Remembering the fallen

A tribute to troops killed in Iraq and Afghanistan

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Stephen D. Shannon

Killed on Jan. 31, 2007

DES MOINES, Iowa (AP) — A Guttenberg man killed in combat in Iraq was unique, “one of a kind” from the first day of his life, his mother said Friday.

Army Reserve Cpl. Stephen D. Shannon was “by no means a saint,” his mother Joan Shannon said Friday, “but definitely a hero.”

Shannon, 21, was killed Wednesday in Iraq. The military confirmed his death for the first time on Friday, and his family, including his mother, father and three siblings, gathered at the family’s rural Guttenberg home for a press conference to talk about his life.

Shannon was a combat engineer with the C Company, 397th Engineer Battalion, in Wausau, Wis. The unit arrived in Iraq in September, with a mission to clear roadside bombs. Shannon was performing those duties when the armored vehicle he was driving was struck by a rocket-propelled grenade on the driver’s side, killing him.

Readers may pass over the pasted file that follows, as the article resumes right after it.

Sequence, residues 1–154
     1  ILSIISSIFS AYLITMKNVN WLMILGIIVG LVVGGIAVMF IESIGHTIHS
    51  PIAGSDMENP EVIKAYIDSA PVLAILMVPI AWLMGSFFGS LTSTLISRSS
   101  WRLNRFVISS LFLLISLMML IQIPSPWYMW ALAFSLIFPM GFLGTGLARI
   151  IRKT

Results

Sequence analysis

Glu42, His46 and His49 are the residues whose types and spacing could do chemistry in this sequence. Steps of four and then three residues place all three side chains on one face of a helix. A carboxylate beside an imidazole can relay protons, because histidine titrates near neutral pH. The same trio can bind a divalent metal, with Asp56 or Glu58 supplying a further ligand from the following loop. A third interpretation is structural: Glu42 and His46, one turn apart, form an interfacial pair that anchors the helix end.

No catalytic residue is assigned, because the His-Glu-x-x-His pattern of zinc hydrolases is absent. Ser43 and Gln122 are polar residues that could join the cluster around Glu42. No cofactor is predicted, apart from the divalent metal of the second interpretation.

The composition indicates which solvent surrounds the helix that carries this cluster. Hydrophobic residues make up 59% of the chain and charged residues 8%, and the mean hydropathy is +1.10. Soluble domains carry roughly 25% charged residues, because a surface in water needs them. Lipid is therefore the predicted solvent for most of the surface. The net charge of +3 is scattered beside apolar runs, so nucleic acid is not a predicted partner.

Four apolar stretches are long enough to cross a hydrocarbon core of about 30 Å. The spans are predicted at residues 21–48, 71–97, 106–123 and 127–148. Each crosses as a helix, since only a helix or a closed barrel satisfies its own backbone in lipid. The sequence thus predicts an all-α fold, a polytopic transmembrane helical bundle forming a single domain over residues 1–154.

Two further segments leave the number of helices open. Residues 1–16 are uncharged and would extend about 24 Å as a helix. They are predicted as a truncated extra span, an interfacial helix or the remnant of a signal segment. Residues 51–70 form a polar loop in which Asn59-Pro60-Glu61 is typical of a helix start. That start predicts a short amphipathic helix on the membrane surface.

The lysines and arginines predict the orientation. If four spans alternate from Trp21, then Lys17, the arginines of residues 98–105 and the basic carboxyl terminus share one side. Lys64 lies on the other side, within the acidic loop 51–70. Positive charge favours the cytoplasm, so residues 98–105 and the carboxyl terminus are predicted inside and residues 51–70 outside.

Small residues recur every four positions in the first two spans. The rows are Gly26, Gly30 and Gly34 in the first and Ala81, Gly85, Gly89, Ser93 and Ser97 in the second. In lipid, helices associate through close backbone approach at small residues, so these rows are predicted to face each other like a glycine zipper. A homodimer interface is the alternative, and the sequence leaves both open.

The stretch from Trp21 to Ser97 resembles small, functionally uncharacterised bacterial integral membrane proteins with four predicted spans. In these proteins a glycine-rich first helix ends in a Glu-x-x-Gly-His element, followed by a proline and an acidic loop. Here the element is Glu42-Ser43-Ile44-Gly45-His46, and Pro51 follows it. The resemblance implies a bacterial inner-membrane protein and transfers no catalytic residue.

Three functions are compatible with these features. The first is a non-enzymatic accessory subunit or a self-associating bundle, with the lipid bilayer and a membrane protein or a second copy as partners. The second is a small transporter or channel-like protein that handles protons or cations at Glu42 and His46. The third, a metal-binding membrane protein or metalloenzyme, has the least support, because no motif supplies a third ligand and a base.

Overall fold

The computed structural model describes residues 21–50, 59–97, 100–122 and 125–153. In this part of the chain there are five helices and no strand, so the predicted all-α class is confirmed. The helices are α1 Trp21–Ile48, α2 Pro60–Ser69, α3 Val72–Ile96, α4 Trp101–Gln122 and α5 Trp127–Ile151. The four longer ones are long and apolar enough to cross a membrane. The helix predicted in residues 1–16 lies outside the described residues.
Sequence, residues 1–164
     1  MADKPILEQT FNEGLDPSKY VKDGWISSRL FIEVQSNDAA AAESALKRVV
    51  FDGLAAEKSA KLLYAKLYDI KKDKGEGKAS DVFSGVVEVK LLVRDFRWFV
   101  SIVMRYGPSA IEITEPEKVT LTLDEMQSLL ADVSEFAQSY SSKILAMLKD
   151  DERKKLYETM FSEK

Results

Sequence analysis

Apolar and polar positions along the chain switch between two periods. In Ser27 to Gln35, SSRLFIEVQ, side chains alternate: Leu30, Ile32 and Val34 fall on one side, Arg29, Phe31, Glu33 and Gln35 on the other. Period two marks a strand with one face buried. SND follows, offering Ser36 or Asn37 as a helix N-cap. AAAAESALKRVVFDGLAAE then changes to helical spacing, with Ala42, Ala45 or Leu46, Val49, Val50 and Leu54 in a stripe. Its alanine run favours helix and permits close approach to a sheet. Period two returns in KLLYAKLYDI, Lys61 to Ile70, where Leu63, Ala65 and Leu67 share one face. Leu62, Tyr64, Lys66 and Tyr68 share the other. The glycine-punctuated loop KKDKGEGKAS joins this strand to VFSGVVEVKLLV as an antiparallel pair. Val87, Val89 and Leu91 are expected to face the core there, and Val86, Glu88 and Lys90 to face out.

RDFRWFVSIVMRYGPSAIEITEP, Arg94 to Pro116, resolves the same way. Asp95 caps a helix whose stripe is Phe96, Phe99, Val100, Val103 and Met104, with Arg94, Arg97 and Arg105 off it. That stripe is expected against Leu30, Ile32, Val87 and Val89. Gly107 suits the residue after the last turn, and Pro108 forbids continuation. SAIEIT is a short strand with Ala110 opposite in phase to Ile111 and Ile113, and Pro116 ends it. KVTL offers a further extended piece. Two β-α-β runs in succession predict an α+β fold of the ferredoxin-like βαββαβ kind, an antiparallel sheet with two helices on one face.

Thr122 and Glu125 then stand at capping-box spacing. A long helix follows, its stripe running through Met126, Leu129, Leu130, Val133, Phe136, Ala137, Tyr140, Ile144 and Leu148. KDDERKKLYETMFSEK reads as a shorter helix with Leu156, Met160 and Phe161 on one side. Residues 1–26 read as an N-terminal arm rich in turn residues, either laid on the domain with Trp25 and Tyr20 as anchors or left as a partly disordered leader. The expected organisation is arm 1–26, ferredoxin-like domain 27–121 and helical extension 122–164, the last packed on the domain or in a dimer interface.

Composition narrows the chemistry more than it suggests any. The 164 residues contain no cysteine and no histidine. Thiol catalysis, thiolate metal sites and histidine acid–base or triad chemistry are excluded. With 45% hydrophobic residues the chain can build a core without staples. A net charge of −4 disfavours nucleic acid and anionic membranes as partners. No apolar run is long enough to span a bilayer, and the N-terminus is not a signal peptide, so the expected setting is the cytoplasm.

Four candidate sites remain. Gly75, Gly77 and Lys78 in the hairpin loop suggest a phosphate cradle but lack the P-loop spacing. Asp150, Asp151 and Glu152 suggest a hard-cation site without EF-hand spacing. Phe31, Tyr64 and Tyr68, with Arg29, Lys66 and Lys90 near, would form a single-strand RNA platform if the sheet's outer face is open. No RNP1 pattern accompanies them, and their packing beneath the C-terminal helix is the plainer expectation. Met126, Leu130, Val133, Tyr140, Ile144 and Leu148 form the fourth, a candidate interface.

His last trip home came in late September. He spent four days in Guttenberg, but they went by fast, Joan Shannon said.

“He was hardly ever at home, because he was out with his many friends all the time,” she said.

Stephen was a popular student at Clayton Ridge High School in Guttenberg, where he graduated in 2003. He served as president of his junior class and was a musician and an athlete, before going on to the University of Northern Iowa, eventually majoring in criminology.

His final call home to his family was about a week ago, the Shannons said, and it was unremarkable. It was a routine call — Stephen faithfully called home each week and “he sounded good,” his mother said.

“He had found his purpose. He liked what he was doing,” she said.

Stephen’s sister, Kathleen Shannon, 19, recently joined the Army’s Reserve Officer Training Corps. She wants to become an rmy nurse, and said she is proud of her brother.

“I saw what he had become. I also wanted him to have to salute me when I became an officer,” she said.

Shannon’s body is expected to return to Guttenberg next week, and the family plans to have a viewing and funeral Mass. Joan Shannon said the public will be welcome.

“This kid was pretty special,” she said. “If this is his 15 minutes of fame and people want to be a part of it, I have no restrictions.”

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